The Senate’s Press Secretaries Group Keeps It Bipartisan
For more than 40 years, the U.S. Senate Press Secretaries Association has helped communication pros do their jobs—in part by helping its members get outside of the Beltway every once in a while.
With the changing of the political guard comes a whole lot of people in new roles.
That’s especially the case in the Senate, where communication officials are getting their feet wet in the halls of power along with their bosses.
Fortunately, the U.S. Senate Press Secretaries Association, a group that has existed for more than 40 years, is ready to help out the newbies—along with the rest of the PR pros in the upper chamber.
While SPSA members have leaned somewhat to the right in recent years (as has the Senate as a whole), the group, by design, tends to be more bipartisan in nature, focusing on the shared needs of communication professionals. Ryan Taylor, the communication director for Senator Roger Wicker (R-MS), is the group’s departing president, and just like every president before him, he’ll be replaced by someone from the other party.
In a recent interview with Roll Call, Taylor noted that the group’s continued existence in a difficult political environment was impressive, something he credited to the wide resources the group offers.
“SPSA gives our members opportunities to further develop their craft, learn best practices from each other, as well as from their counterparts in the media and off the Hill,” Taylor said. “You can find our alumni from coast to coast, doing a wide variety of influential and cutting-edge jobs.”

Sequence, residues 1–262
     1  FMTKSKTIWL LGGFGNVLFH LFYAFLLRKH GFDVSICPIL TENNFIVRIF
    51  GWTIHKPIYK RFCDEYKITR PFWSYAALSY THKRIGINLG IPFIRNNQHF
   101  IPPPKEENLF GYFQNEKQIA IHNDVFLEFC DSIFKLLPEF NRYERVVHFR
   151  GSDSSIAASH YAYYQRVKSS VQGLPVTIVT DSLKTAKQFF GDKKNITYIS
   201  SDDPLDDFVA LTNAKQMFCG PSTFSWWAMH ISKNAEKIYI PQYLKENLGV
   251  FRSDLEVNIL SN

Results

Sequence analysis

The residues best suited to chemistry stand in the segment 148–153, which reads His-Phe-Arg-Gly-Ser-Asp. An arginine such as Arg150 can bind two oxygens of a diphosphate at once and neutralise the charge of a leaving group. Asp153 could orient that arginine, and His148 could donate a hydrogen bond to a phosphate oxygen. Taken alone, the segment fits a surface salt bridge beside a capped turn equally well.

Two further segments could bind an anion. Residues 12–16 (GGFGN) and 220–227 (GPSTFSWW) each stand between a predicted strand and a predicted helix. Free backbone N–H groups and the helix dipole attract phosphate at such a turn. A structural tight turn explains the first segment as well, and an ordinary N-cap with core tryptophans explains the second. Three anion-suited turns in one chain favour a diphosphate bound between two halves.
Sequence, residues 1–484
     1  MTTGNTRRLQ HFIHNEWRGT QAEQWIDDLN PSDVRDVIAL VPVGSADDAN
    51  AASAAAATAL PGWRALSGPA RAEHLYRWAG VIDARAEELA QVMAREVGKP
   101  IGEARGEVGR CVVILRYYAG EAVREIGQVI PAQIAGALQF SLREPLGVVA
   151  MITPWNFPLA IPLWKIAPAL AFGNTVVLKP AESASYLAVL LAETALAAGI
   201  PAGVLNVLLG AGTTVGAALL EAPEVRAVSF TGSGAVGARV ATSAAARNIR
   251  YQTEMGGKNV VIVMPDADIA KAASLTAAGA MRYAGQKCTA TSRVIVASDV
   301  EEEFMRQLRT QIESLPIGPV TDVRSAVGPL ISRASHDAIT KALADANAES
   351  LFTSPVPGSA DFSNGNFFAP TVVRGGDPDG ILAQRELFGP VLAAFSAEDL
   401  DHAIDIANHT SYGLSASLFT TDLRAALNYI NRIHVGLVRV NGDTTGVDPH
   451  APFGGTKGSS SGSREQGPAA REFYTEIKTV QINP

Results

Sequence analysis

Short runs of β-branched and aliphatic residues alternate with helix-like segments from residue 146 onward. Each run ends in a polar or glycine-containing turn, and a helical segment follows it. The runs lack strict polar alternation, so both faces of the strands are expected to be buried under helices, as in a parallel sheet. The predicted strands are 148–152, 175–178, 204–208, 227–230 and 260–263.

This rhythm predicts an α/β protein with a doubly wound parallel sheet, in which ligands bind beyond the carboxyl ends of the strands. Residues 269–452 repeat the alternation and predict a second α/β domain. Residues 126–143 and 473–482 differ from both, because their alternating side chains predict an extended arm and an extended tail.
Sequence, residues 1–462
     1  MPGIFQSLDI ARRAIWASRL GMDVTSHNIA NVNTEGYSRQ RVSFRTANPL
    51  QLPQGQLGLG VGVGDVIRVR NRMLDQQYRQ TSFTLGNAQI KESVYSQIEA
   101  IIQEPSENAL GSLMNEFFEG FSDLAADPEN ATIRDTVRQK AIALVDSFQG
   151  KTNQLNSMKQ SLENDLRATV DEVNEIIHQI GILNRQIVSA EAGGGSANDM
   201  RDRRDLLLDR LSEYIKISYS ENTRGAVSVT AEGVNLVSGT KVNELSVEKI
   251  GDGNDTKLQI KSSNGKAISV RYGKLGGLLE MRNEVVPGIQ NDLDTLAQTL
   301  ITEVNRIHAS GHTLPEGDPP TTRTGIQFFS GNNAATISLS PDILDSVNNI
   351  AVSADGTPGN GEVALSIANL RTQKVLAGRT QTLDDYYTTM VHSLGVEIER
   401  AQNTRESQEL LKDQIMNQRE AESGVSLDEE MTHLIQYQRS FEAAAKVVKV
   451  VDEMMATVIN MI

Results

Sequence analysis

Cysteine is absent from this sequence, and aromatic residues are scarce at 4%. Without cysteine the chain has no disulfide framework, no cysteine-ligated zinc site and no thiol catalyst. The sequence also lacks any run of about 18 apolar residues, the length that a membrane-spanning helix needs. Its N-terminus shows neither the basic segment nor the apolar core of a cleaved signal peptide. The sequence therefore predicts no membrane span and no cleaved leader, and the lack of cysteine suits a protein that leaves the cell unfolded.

The sentiment was shared by Christopher Gindlesperger, a former Senate Judiciary Committee employee who remained active with the group even after he became a vice president with the National Confectioners Association.
“As a former Senate committee communications director, I have maintained my membership as I transitioned off the Hill because I believe there is value in participating in SPSA meetings, panel discussions and events, both as active Senate staff and alumni,” he noted to the publication.
(Gindlesperger’s current group is one of many that has collaborated on events with SPSA in the past.)
And the lessons for members don’t just happen on the Hill. Often, SPSA pushes its members outside of the Beltway bubble. Sometimes, it’s with a wink and a nod: In 2010, as the legislative momentum around the Affordable Care Act’s passage had reached a crescendo, the group held a literal tug of war—Republicans on one side, Democrats on the other—with the help of Ringling Bros. Barnum & Bailey Circus.
Next month, for example, the group’s members will head to New York City to meet with TV producers and other figures whose influence could prove essential—an annual trip that often defines the start of the group’s year. (In recent years, the event has put SPSA members in front of Daily Show host Trevor Noah and the editorial boards of The Wall Street Journal and The New York Times, among other notable media.)
It isn’t easy to keep a bipartisan group running in a partisan body, but SPSA pulls it off.
SPSA members shown on the set of The Daily Show. (Handout photo)